Victoria has notched 20 days without a locally acquired coronavirus case.
The Department of Health and Human Services' daily updated revealed one COVID-19 case acquired overseas, which is being managed in the state's hotel quarantine system.
There are 31 active coronavirus cases in Victoria, following 11,656 tests in the past 24 hours to midnight.
On Sunday, NZ authorities revealed a 56-year-old woman had tested positive for the virus after completing her 14-day isolation after arrival in New Zealand, believed to have caught it from anther traveller in quarantine.
This prompted the Australian government to suspend its open border with New Zealand for 72 hours, starting Monday night, after concerns about the possible transmission of the South African strain of COVID-19 in the community.
People who have arrived in Australia from New Zealand since January 14 are asked to self isolate, and arrange to get tested and stay in isolation until they receive a negative result, Health Minister Greg Hunt said.
Earlier on Monday, the Australian government triumphantly announced the Pfizer BioNTech vaccine have been approved by the Therapeutic Goods Administration.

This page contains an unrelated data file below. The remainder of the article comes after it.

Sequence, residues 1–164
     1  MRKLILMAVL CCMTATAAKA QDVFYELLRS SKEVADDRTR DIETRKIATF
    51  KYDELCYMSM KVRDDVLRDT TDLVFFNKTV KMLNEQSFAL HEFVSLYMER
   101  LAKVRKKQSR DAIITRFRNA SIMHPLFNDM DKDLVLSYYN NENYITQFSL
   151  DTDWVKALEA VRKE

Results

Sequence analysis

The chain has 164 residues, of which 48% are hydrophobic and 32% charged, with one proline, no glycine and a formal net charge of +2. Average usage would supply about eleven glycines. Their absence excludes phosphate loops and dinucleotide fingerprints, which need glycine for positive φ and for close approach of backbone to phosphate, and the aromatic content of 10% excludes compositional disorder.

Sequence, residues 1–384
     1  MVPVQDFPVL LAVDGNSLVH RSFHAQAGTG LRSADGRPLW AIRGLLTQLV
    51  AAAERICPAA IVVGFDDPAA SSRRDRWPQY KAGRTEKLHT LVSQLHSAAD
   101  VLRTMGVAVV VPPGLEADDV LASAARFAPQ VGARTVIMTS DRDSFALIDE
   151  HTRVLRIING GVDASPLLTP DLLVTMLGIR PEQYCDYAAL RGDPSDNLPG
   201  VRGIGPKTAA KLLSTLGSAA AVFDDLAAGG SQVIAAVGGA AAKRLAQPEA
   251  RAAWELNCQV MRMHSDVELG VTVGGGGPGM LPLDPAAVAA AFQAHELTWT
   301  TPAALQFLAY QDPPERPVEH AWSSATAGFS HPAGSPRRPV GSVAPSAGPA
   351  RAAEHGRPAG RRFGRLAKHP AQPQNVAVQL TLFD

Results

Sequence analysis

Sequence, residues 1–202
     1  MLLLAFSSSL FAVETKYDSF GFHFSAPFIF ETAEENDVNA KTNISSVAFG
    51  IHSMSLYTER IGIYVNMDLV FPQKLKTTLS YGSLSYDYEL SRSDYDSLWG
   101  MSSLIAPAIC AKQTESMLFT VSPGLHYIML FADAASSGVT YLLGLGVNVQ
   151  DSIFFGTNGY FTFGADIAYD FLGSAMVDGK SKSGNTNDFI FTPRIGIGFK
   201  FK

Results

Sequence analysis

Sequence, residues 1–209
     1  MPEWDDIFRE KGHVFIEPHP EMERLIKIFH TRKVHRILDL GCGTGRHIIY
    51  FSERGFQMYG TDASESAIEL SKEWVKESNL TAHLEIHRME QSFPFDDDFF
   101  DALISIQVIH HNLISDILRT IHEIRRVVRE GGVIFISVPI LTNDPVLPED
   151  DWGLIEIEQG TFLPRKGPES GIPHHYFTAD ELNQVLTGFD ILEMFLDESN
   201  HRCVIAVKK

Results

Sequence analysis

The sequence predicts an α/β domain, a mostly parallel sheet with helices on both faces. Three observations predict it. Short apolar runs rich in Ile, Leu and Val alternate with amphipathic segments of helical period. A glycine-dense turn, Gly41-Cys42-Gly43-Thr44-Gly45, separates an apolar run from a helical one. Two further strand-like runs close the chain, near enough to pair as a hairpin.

The regulator said on Monday that after an independent review, the vaccine had met high safety standards.
The vaccine has been approved for people 16 years and older, with two doses required at least three weeks apart.
The federal government said the first vaccines were expected to be administered in late February, a slight delay on earlier predictions of mid-February due to production issues.
If there are delays, the vaccine could be rolled out in March, but the government has stressed advice from Pfizer that a February rollout was likely.
Despite the delays in production, Prime Minister Scott Morrison said "no Australian vaccines - i.e. vaccines destined for Australia - have been diverted anywhere else".
Mr Hunt said he had spoken with representatives of Pfizer, who had assured him they would be able to ship the first doses of the vaccine, of which Australia has ordered 10 million, in time to start vaccinating in February.
"Those shipping times were provided last night, which means we are in a position to commence in late February and our guidance has always been for a window," Mr Hunt said.
Unlike in many other countries, Australia's regulator has not used emergency processes to approve the Pfizer vaccine for use, instead using a prioritised provisional determination process.
There were fears the approval process could be delayed after Norway reported a number of deaths in elderly and frail aged care residents after receiving the vaccine.
Despite this, the Therapeutic Goods Administration has not yet released specific advice on whether the vaccine is approved for the very elderly or terminally ill.
That decision will be left to doctors to decide if their patients should receive the vaccine.
"The TGA advice - and we have been concerned about this - for the very elderly and frail, that will need a very careful clinical decision," Health Secretary Brendan Murphy said.
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